Monday, January 31, 2005

"I'm so ronery..."

Michael Sheridan in the Times lays out a grim prognosis for the survival of North Korean dictator Kim Jong-Il:
According to exiles, North Korean agents in Beijing and Ulan Bator are frantically selling assets to raise cash — an important sign, says one activist, because "the secret police can always smell the crisis coming before anybody else".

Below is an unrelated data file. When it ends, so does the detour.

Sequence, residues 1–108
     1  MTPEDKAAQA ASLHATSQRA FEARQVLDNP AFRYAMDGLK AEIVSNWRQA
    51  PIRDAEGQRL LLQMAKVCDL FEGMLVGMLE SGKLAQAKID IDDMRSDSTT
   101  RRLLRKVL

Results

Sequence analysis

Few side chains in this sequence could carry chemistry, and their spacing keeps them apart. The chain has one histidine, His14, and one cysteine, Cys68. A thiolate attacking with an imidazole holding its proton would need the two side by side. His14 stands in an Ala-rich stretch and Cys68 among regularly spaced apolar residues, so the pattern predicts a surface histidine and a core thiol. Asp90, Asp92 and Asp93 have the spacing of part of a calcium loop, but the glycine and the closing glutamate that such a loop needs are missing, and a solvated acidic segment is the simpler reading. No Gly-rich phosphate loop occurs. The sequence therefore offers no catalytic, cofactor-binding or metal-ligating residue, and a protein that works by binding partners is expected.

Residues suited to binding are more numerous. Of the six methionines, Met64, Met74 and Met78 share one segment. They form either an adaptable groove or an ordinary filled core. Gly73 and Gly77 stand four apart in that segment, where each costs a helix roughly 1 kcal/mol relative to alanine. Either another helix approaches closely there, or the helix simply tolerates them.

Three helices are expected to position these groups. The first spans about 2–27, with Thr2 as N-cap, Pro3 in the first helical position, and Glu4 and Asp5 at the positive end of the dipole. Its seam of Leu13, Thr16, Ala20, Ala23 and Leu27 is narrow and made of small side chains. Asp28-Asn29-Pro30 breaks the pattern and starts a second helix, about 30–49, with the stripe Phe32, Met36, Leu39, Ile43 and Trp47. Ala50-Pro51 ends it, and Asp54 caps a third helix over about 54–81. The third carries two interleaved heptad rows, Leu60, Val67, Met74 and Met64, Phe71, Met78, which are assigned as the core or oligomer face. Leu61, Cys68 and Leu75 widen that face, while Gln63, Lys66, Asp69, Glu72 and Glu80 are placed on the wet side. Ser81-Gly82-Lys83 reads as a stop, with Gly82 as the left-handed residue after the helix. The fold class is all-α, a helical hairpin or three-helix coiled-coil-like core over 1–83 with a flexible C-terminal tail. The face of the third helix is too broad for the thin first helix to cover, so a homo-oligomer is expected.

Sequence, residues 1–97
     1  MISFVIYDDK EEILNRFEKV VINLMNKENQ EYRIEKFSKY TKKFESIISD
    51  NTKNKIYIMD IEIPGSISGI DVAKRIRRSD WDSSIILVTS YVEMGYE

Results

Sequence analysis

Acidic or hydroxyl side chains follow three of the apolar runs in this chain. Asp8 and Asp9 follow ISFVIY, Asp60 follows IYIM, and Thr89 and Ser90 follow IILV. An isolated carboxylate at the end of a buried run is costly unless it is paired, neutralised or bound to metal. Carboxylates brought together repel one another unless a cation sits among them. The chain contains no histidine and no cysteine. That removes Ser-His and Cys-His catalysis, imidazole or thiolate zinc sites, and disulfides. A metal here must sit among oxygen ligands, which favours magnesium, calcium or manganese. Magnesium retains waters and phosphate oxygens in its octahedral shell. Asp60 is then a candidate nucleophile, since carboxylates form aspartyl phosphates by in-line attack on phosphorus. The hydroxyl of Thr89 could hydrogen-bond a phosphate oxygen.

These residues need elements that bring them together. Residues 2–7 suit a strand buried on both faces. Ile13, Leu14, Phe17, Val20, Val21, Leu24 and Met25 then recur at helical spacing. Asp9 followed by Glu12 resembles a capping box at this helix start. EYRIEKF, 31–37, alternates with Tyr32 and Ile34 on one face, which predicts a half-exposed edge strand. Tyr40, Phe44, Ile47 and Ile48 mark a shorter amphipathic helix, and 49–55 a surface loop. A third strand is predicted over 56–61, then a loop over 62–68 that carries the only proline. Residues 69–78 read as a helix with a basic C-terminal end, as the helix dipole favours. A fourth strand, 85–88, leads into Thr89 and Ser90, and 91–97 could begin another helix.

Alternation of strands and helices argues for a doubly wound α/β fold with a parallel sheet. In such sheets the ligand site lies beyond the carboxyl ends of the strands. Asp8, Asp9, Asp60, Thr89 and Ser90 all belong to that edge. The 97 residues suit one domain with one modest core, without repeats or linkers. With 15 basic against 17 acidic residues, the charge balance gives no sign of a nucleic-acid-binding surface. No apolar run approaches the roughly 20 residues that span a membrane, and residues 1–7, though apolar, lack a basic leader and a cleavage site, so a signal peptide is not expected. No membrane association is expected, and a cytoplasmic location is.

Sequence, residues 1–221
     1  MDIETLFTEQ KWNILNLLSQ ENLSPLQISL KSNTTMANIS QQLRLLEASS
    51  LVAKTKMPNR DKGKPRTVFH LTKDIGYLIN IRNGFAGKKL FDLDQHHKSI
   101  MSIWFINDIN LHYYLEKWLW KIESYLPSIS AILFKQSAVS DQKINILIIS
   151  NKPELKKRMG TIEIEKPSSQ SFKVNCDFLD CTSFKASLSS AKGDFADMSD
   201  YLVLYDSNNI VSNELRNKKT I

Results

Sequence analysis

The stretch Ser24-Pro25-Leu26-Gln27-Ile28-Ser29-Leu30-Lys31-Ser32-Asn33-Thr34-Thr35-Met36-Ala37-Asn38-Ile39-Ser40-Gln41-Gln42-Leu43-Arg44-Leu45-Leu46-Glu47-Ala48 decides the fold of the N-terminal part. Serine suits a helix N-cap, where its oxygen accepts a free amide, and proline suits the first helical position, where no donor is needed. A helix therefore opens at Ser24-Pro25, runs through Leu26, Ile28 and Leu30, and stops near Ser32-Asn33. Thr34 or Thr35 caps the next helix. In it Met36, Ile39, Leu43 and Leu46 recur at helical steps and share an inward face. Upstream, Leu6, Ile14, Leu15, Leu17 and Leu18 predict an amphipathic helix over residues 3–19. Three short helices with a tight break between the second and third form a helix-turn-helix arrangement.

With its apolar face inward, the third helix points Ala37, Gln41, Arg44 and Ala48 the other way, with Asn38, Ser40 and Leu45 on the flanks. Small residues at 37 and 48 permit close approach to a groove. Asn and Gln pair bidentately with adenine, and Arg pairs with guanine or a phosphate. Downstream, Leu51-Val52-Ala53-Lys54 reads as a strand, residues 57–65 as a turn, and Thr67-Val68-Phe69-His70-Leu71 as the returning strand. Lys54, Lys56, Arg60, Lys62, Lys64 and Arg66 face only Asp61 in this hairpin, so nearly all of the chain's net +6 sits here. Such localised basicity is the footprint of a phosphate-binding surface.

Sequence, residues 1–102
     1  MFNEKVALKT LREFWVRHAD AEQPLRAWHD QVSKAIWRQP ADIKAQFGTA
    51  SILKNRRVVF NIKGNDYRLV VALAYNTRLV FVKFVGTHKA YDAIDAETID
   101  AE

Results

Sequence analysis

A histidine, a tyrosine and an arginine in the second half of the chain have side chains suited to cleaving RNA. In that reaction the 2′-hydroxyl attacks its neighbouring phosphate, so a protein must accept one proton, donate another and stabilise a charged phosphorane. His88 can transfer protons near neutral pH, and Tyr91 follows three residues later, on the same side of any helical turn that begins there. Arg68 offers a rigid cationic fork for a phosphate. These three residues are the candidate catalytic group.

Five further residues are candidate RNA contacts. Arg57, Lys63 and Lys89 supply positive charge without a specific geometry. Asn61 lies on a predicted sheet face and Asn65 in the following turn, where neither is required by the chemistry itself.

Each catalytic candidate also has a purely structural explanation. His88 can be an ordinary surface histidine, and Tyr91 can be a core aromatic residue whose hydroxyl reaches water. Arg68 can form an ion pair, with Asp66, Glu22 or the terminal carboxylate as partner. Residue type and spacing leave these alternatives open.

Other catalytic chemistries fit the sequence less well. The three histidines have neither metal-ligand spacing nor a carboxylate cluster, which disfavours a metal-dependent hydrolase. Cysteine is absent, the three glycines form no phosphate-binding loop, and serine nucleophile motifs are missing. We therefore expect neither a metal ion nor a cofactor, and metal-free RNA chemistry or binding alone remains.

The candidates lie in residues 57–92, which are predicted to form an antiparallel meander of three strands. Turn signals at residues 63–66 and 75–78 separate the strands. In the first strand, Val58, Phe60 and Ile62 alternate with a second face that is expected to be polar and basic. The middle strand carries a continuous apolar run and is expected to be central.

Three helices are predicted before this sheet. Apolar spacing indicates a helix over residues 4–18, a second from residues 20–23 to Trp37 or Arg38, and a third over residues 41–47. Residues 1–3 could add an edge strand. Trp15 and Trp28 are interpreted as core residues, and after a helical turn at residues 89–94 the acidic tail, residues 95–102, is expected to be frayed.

It's time for Tony to award himself another point for his foresight.

What will happen now? Like Saddam Hussein, who suffered three revolts between the end of the Iran-Iraq war, this pressure on the regime could result in external aggression so as to unite the leadership and people in a war scare. Although a second war on the scale of the Korean War could cost a million lives and a trillion dollars by most estimates, I wouldn't expect a full conflict. Provocation is more likely to come from a small-scale act that's hard to ignore, but finely-tuned to avoid fostering a consensus for action between China, Japan, South Korea and the US.